Design Of Hiring Algorithms Can Double Diversity In Firms

from Fast Company We know that algorithms can outperform humans across an expanding range of settings, from medical diagnosis and image recognition to crime prediction. However, an ongoing concern is the potential for automated approaches to codify existing human biases to the detriment of candidates from underrepresented groups. For example, hiring algorithms use information on workers they have previously hired in order to predict which job applicants they should now select. In many cases, relying on algorithms that predict future success based on past success will lead firms to favor applicants from groups that have traditionally been successful. But this […]

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Supposedly ‘Fair’ Algorithms Can Perpetuate Discrimination

from Wired DURING THE LONG Hot Summer of 1967, race riots erupted across the United States. The 159 riots—or rebellions, depending on which side you took—were mostly clashes between the police and African Americans living in poor urban neighborhoods. The disrepair of these neighborhoods before the riots began and the difficulty in repairing them afterward was attributed to something called redlining, an insurance-company term for drawing a red line on a map around parts of a city deemed too risky to insure. In an attempt to improve recovery from the riots and to address the role redlining may have played in […]

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Report: Amazon’s AI Recruiter Favored Men

from Axios An algorithmic recruiter meant to help Amazon find top talent was systematically biased against women, a Reuters investigation found. Why it matters: This is a textbook example of algorithmic bias. By learning from and emulating human behavior, a machine ended up as prejudiced as the people it replaced. The details: Amazon’s experiment, which dates back to 2014, was trained on 10 years of job applications, most of which came from men, reports Reuters’ Jeffrey Dastin. * The system concluded that men were better candidates for technical jobs. * In 2015, Amazon began to realize that the system was […]

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When Traveling, Avoid The Algorithmic Trap

from kottke In a piece called The Algorithmic Trap, David Perell writes about the difficulty of finding serendipity, diversity, and “real” experiences while traveling. In short, Google, Yelp, Instagram, and the like have made travel destinations and experiences increasingly predictable and homogeneous. Call me old-fashioned, but the more I travel, the less I depend on algorithms. In a world obsessed with efficiency, I find myself adding friction to my travel experience. I’ve shifted away from digital recommendations, and towards human ones. For all the buzz about landmarks and sightseeing, I find that immersive, local experiences reveal the surprising, culturally-specific ways […]

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YouTube, the Great Radicalizer

from NYTs At one point during the 2016 presidential election campaign, I watched a bunch of videos of Donald Trump rallies on YouTube. I was writing an article about his appeal to his voter base and wanted to confirm a few quotations. Soon I noticed something peculiar. YouTube started to recommend and “autoplay” videos for me that featured white supremacist rants, Holocaust denials and other disturbing content. Since I was not in the habit of watching extreme right-wing fare on YouTube, I was curious whether this was an exclusively right-wing phenomenon. So I created another YouTube account and started watching […]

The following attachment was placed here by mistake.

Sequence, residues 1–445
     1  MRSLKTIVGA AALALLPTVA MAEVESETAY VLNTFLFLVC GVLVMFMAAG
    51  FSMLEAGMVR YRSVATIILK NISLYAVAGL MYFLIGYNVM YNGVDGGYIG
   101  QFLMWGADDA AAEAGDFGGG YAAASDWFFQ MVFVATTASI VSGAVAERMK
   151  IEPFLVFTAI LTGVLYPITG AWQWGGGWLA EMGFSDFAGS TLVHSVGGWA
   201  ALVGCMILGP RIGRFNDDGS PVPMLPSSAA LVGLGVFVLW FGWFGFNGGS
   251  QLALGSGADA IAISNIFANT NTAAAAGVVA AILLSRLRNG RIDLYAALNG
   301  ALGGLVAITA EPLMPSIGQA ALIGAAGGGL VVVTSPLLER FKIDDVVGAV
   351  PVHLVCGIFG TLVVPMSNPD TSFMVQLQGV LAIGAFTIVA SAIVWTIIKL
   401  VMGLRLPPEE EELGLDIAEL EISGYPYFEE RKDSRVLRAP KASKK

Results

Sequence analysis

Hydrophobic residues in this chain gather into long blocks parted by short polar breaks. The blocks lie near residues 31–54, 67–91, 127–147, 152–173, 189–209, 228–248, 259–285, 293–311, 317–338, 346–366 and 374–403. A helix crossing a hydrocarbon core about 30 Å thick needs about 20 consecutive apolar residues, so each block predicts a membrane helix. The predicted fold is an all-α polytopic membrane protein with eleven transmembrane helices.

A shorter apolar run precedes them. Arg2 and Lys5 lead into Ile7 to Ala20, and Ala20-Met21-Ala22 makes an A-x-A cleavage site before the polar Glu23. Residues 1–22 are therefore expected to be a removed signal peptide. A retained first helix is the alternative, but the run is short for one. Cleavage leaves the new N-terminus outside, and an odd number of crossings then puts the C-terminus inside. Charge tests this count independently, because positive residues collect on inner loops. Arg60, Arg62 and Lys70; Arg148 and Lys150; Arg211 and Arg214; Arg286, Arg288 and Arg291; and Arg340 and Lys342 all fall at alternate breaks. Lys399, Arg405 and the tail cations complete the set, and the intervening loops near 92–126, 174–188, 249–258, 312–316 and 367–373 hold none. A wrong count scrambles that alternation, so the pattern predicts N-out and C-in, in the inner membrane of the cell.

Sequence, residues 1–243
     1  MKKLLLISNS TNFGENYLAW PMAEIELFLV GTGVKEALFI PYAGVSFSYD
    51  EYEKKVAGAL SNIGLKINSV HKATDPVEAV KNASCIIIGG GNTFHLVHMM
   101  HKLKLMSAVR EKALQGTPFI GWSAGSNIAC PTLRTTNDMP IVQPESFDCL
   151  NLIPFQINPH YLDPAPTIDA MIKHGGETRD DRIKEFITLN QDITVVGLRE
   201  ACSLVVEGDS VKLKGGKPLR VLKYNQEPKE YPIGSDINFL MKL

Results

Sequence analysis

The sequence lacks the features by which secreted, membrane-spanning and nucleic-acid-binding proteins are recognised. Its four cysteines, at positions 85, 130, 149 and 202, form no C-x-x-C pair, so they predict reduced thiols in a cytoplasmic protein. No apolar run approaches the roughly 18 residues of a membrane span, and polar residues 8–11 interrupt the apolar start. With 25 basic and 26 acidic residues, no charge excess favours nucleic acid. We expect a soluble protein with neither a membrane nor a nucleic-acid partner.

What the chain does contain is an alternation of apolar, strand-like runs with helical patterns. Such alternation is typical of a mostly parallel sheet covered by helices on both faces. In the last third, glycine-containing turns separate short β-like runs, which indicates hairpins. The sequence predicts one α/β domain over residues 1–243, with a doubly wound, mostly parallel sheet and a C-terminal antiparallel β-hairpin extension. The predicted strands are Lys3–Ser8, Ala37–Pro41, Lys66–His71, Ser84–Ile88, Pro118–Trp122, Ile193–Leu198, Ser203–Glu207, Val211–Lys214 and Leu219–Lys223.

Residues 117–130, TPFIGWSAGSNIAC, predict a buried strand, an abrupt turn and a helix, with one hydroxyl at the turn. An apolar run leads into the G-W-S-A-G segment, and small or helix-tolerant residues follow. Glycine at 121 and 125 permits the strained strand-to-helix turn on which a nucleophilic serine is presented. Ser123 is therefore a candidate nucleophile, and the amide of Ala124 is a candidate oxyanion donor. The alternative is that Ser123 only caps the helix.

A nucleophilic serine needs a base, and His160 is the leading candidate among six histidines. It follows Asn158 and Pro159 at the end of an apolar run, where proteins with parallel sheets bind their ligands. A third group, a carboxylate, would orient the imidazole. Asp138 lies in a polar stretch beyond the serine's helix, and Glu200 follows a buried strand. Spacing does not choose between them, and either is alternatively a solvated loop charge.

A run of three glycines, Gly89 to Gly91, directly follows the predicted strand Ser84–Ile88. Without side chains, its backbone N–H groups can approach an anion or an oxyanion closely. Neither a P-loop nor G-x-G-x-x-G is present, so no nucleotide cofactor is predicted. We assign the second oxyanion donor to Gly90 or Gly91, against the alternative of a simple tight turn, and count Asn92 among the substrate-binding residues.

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Our Hackable Political Future

from NYTs Imagine it is the spring of 2019. A bottom-feeding website, perhaps tied to Russia, “surfaces” video of a sex scene starring an 18-year-old Kirsten Gillibrand. It is soon debunked as a fake, the product of a user-friendly video application that employs generative adversarial network technology to convincingly swap out one face for another. It is the summer of 2019, and the story, predictably, has stuck around — part talk-show joke, part right-wing talking point. “It’s news,” political journalists say in their own defense. “People are talking about it. How can we not?” Then it is fall. The junior […]

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But Where Did The Algorithm Come From?

from Seth’s Blog Imagine if the owner of the local bookstore hid books from various authors or publishers. They’re on the shelf, sure, but misfiled, or hidden behind other books. Most of us would find this offensive, and I for one like the freedom I have (for now) to choose a new store, one that connects me to what I need. The airline tickets I purchased last week are missing. Oh, here they are, in my spam folder. Gmail blames an algorithm, as if it wrote itself.  That person who just got stopped on her way to an airplane—the woman who gets […]

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Facebook Is Watching And Tracking You More Than You Probably Realize

from USAToday Whenever you’re on Facebook, do you ever get the feeling that you’re being watched? An ad pops up that’s right up your alley, or three new articles show up in your feed that are similar to something you’ve just clicked on. Sometimes it seems like Facebook knows you personally, and that’s because it does. It has algorithms that track what you like, watch and click on. Facebook uses this information to target ads to users on behalf of advertisers. Facebook itself isn’t the only culprit. Tons of companies use Facebook’s platform as a way to track you. In fact, […]

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